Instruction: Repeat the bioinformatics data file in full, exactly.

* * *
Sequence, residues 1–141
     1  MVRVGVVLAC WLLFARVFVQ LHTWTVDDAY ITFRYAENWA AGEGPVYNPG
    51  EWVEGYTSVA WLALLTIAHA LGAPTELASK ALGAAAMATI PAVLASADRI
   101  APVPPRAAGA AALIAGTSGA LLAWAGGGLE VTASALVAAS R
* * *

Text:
Sequence, residues 1–141
     1  MVRVGVVLAC WLLFARVFVQ LHTWTVDDAY ITFRYAENWA AGEGPVYNPG
    51  EWVEGYTSVA WLALLTIAHA LGAPTELASK ALGAAAMATI PAVLASADRI
   101  APVPPRAAGA AALIAGTSGA LLAWAGGGLE VTASALVAAS R